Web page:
With a capacity of 550 Mbo/d from the Delaware and Midland basins and the Eagle Ford trend, the oil pipeline will be laid alongside a 350 Mb/d NGL pipeline, which was reportedly proceeding on schedule as of April 2018 (see here).

The right of way is 100% secured for the first two phases of the oil pipeline system, and construction is expected to commence in 4Q2018, with the crude system expected to be in service in 2H2019 (see here).

Fig. 5. The EPIC crude oil pipeline. Source.

Cactus II and Sunrise of Plains All American

Plains All American (PAA), the major oil and gas transportation company in the Permian Basin with 1 MMbo/d of long-haul capacity, is undertaking an all-out campaign to overhaul its infrastructure in 2018 (Fig. 6):

  • The company is working on the 120 Mbo/d Sunrise expansion from the Permian Basin to Cushing, OK, in two phases; in Phase I, the company is building the Sunrise Extension from Colorado City to Wichita Falls, TX, and in Phase II, it will install the Sunrise Loop from Midland to Colorado City. The Sunrise expansion is scheduled to come onstream in early to middle 2019 (see here).
  • The company is also working on the Cactus II Project, which consists of the Wink to McCamey and McCamey to Corpse Christi segments, thus linking up the various origination points at Orla, Wink, Midland, Crane, and McCamey in the Permian Basin to multiple docks in the Corpus Christi-Ingleside area on Gulf Coast. The company has already secured 525 Mbo/d of third-party commitments (including 425 Mbo/d of minimum volume commitments, aka, MVCs, and 100 Mbo/d of acreage dedications), with 60 Mbo/d reserved for walk-up shippers, for a total capacity of 585 Mbo/d. Permitting, right of way, and procurement activities are currently underway, with the pipeline targeting a 3Q2019 start-up (see here).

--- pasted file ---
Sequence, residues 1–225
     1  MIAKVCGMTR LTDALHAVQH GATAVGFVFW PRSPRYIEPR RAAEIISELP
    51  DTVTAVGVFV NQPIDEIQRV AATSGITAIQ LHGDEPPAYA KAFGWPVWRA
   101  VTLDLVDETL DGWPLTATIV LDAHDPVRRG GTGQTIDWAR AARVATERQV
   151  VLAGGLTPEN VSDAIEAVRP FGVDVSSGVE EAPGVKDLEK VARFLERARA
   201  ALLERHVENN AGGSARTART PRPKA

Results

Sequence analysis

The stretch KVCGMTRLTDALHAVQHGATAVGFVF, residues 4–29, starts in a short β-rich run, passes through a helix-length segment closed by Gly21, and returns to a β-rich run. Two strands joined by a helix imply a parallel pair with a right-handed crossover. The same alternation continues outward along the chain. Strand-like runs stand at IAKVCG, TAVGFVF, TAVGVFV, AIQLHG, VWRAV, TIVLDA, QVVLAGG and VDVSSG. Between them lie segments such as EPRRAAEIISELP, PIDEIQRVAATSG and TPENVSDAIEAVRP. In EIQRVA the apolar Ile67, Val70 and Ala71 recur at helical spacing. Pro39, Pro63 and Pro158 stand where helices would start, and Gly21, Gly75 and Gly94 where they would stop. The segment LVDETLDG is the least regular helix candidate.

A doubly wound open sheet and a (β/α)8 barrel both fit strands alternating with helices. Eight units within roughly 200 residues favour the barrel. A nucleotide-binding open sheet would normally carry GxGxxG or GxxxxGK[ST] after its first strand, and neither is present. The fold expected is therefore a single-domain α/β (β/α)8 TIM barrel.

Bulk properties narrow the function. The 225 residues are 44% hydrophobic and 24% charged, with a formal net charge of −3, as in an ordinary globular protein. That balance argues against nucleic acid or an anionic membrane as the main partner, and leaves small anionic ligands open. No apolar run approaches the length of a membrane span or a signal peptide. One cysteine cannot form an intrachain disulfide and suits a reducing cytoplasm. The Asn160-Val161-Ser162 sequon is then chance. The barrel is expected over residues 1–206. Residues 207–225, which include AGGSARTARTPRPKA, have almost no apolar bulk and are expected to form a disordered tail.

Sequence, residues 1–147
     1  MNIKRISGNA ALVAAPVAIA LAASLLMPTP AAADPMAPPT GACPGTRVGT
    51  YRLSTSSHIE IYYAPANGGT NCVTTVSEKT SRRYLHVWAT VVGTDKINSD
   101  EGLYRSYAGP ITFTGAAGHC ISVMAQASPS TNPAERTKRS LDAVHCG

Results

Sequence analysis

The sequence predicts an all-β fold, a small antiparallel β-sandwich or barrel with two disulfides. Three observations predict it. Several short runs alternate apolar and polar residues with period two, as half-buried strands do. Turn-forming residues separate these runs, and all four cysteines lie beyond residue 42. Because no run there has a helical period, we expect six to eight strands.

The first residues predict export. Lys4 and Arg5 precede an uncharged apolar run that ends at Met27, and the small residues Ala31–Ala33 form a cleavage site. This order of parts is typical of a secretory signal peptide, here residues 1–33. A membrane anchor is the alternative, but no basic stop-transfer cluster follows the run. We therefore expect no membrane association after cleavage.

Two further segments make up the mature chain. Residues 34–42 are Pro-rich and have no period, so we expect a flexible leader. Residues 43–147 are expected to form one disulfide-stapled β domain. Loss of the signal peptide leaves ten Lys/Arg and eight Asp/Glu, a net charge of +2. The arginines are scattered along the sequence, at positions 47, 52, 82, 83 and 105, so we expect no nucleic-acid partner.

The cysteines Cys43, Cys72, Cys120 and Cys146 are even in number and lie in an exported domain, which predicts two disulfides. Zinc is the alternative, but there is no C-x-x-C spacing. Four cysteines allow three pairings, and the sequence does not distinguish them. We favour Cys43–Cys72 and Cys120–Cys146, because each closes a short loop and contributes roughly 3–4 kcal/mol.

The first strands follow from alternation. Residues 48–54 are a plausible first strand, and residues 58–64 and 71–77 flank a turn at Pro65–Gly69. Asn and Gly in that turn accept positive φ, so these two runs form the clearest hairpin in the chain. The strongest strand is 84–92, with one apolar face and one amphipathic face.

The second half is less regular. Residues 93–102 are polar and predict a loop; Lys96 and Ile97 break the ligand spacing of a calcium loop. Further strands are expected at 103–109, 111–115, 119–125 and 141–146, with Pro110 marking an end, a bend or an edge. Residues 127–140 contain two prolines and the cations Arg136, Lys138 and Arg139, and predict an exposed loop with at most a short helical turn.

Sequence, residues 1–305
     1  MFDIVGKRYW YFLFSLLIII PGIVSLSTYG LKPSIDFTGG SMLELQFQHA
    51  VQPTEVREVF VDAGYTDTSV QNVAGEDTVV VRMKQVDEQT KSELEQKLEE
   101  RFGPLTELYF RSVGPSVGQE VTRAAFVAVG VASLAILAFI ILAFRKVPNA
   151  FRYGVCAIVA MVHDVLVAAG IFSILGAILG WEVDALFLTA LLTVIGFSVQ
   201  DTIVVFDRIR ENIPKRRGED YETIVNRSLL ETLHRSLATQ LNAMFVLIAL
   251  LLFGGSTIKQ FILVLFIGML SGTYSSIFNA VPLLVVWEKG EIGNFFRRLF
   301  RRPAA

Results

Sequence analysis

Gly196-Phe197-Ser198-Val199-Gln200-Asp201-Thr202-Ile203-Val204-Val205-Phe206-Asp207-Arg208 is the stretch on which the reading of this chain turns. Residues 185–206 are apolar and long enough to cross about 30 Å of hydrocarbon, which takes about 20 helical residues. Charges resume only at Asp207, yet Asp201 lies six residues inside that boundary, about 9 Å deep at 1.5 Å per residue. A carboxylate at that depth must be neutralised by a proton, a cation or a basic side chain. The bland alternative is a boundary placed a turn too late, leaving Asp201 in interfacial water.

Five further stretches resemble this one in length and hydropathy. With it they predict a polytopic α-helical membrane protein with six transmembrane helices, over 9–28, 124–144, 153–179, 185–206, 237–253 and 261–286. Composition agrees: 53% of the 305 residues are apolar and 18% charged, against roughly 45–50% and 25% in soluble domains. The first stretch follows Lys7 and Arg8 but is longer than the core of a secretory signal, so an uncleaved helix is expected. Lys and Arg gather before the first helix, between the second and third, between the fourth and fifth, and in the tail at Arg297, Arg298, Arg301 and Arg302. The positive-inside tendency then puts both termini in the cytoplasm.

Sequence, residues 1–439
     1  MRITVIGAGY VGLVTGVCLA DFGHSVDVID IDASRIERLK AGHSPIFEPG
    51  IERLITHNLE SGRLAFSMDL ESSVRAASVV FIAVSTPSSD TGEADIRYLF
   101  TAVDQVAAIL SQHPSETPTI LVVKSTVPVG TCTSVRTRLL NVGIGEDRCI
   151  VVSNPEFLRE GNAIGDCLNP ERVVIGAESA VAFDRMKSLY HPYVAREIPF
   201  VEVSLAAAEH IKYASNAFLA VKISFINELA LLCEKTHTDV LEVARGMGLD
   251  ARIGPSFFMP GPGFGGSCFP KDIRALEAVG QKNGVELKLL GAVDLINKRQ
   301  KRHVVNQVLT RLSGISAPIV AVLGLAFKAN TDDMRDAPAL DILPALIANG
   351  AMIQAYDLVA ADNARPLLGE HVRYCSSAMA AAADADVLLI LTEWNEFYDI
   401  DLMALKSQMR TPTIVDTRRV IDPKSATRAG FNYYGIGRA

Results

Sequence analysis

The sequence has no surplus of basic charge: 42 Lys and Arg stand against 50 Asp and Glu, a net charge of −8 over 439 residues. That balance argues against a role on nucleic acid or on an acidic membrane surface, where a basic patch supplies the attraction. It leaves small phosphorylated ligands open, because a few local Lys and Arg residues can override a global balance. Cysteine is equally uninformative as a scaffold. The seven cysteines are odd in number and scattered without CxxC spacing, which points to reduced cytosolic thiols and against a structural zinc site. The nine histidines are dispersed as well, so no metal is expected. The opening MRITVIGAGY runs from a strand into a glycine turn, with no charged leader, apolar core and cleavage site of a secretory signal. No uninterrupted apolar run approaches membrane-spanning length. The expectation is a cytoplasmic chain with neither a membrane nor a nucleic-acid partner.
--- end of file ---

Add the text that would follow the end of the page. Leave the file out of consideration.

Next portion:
Fig. 6. The oil takeaway projects of Plains All American from the Permian Basin. Source.

Midland-to-Sealy of Enterprise Products Partners

Enterprise Products Partners L.P. said it expected to raise the capacity of the Midland-to-Sealy pipeline, which is fully subscribed under long-term contracts, to 575 Mbo/d by May 2018, after having reached 540 Mbo/d as of April 16, 2018 (see here).

  • At Sealy, TX, the pipeline links to the 36" Rancho II pipeline which leads to the 7.4 MMbo ECHO crude terminal in southeast Houston, which already has access to Gulf Coast refineries and deepwater docks (Fig. 3). At the western end of the pipeline, the company looks to complete a 143-mile, 300 Mbo/d pipeline system from the Delaware Basin to its Midland terminal by July 2018.

Gray Oak Pipeline

On April 24, 2018, Phillips 66 Partners (PSXP) and partner Andeavor (ANDV) announced that they had received sufficient binding commitments on an initial open season to proceed with construction of the Gray Oak Pipeline system from the origination stations in Reeves, Loving, Winkler, and Crane counties in West Texas, as well as from locations in the Eagle Ford production area in South Texas, to destinations in the Corpus Christi and Sweeny/Freeport markets, where it will connect to a new 3.4 MMbo marine terminal under development by 50% stakeholding, operating Buckeye Partners, L.P. (BPL) and partners Phillips 66 Partners and Andeavor, each holding a 25% interest (Fig. 7).

The tentatively 700 Mbo/d (expandable to 1,000 Mbo/d) pipeline is expected to be placed in service by end-2019. Phillips 66 owned 75% and Andeavor (ANDV) 25% in the pipeline joint venture, with other third parties, including Enbridge Inc. (ENB), having an option to acquire up to 32.75% interest from the former (see here).

Fig. 7. The Gray Oak Pipeline system. Source.

Magellan Midstream Partners (MMP) announced in December 2017 a plan to build a long-haul, 24" crude oil and condensate pipeline from Crane, TX, in the Permian Basin to Corpus Christi by late 2019, however, the company failed to receive adequate commitments to proceed with the project in the open season (see here).

The natural gas bottleneck